DiscoverE Announces 2016 New Faces of Engineering Honorees

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Release Date: 

April 4th, 2016

Washington DC, April 4, 2016 - DiscoverE today announced the 2016 class of New Faces of Engineering honorees.

Since 2003, DiscoverE has presented this award to honor the work of up-and-coming engineers who are making their mark on their industry.  National engineering societies nominate colleagues 30 years old or younger for consideration. This highly coveted award is recognized as a top honor for young engineers by their peers in the engineering community, and continues to grow in prestige.

This year’s class includes 12 young professionals innovating solutions throughout a cross-section of industries, including energy, technology, water resources, medicine, aerospace and the environment. Many previous honorees have gone on to launch global businesses and NGOs.

These talented individuals are also recognized for having dedicated themselves to using their skills and education to help engender a better world.  From developing sustainable solutions to address water resource issues to envisioning the transportation systems of tomorrow, these young engineers serve as inspirations both for their peers and for the next generations coming up behind them.


2016 New Faces Professional Bios


August “Gus” Boschert, P.E.

Award Year: 2016

Employer: Systems Planning and Analysis, Inc.

Nominated By: National Society of Professional Engineers (NSPE) 

Type: Mechanical Engineer

Education: United States Military Academy/B.S., Mechanical Engineering

Duke University/Masters of Engineering Management

August (‘Gus’), 30, works with the Department of Defense to identify innovative ways to help the Army, Navy, and Air Force bring water, food, and electrical power to areas whose airports and seaports have been destroyed by floods or natural disasters.  Prior to working in the private sector, Gus served as an Army Engineer for five years, with tours in Afghanistan and Iraq.  Last year, he was elected as President of the local National Society of Professional Engineers (NSPE) chapter.  Gus, along with fellow members of NSPE, participates annually in the Discover Engineering Family Day in Washington, D.C.


Anne Dare, Ph.D., EIT

Award Year: 2016

Employer: Purdue University

Nominated by: American Society of Agricultural and Biological Engineers (ASABE)

Type: Agricultural and Biological Engineer

Anne, 29, has realized her professional passion to work with farmers to resolve resource concerns. To prepare for a career at the crossroads of science, engineering, technology, and policy, she earned a Ph.D. at Purdue University. While there, she advanced the understanding of the linkages between arid land water management, food security, and rural sanitation solutions while working across Palestine, Tunisia, and Qatar. Anne is a co-founder of Purdue’s Engineering Innovation for International Development (I2D) Lab, working to sustainably solve global development challenges and was an invited expert to the Farmer-to-Farmer program with Universidad de Los Llanos in Colombia. She was recently selected for a fellowship with the National Academies of Science, Engineering, and Medicine in Washington DC.


Toby Deen, P.E.

Award Year: 2016

Employer: Devon Energy

Nominated By: Society of Petroleum Engineers (SPE)

Type: Operations Engineer

Education: University of Oklahoma/B.S., Petroleum Engineering

Toby, 29, believes that access to affordable energy is a key element for economic prosperity and also the main driver for increased quality of life and living standards around the world.  Toby develops systems, processes and strategies for extracting oil and gas from the ground in the safest and most efficient ways possible. Ever mindful of the power of mentoring, and to show his gratitude to those who mentored him, Toby is committed to paying it forward. He started the OKC SPE Future Trailblazers Mentoring Program, a program that provides local professional mentors to help engineering students who don’t have industry contacts. Toby is also a director for Hope Retreat Ranch, a non-profit he and his family started in 2011. Hope Retreat Ranch provides equine-assisted activities for children with disabilities to improve motor skills, decrease anxiety, and educate visitors about animals and nature.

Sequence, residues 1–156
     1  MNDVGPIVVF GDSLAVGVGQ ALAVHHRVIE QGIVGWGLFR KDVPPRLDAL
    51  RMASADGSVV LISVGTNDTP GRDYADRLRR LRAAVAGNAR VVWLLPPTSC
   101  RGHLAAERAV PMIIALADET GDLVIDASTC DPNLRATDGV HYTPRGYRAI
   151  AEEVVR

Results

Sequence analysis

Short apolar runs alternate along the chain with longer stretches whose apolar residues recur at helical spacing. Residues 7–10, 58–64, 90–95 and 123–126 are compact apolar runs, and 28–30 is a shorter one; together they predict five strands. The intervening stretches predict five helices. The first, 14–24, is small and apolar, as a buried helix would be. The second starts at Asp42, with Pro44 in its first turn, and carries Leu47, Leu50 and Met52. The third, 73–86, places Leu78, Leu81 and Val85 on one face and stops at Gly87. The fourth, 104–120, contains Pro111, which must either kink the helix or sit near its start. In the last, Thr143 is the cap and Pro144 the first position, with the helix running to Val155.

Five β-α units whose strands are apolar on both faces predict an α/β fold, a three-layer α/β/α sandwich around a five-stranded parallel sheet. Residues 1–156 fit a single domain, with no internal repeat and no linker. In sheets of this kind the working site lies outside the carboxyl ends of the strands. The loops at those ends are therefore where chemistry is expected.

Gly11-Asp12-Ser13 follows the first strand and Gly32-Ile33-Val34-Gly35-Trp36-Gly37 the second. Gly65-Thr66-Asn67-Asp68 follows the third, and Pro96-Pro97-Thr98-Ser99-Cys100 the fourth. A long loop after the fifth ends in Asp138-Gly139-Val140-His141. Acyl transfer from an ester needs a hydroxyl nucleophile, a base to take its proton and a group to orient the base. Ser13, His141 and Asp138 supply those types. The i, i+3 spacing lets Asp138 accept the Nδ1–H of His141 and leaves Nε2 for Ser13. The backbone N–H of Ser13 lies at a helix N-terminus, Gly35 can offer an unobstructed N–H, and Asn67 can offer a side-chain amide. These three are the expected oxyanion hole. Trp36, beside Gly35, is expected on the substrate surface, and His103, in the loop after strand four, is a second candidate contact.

Bryony DuPont, Ph.D.

Award Year: 2016

Employer: Oregon State University

Nominated: ASME

Type: Mechanical Engineer

Education: Case Western Reserve University/B.S., Mechanical Engineering

Carnegie Mellon University/M.S., Mechanical Engineering; Ph.D., Mechanical Engineering

An Assistant Professor of Mechanical Engineering at Oregon State University (OSU), Bryony, 30, is also a designer and builder of advanced computer algorithms.  Bryony’s work is focused at the intersection of artificial intelligence and sustainability, to design renewable energy systems and sustainable products that are more adaptable to the real world.  Outside the lab and classroom, Bryony’s outreach activities encourage young women to pursue engineering education and careers. She runs an engineering design workshop for girls through middle-school outreach programs, where students use KNEX to make and race cars to learn about engineering design trade-offs.  She also serves as the faculty lead for Project X, a student-run organization that sponsors engineering workshops, educational videos, and hands-on engineering experiences designed for middle and high school students.


Rose Faghih, Ph.D.

Award Year: 2016

Employer: Massachusetts Institute of Technology

Nominated By: IEEE-USA

Type: Electrical Engineer

Education: The University of Maryland/B.S, Electrical Engineering (Summa cum Laude, Electrical Engineering Honors Citation)

Massachusetts Institute of Technology/M.S., Electrical Engineering & Computer Science; Ph.D., Electrical Engineering & Computer Science with Minor in Mathematics

Even as a child, Rose, 30, had a passion for solving mathematical brainteasers. With this passion, she maintained a perfect GPA throughout her undergraduate as well as Ph.D. studies. Today, she applies that passion to her work in biomedical engineering by approaching complex problems about how the body works as elaborate puzzles to be solved. This enables her to develop mathematical algorithms that contribute to advancement of medical sciences. For example, during her Ph.D. studies, Rose answered important questions in neuroendocrine data analysis and control by studying cortisol secretion (a steroid hormone). Today, she is planning to build a device to help patients with cortisol deficiency. She has published multiple peer-reviewed journal papers, and presented at several conferences. Besides her passion for STEM, Rose has published two books of poetry.


Darvin Griffin, Ph.D.

Award Year: 2016

Employer: Cornell University

Nominated By: National Society of Black Engineers (NSBE)

Type: Biomedical Engineer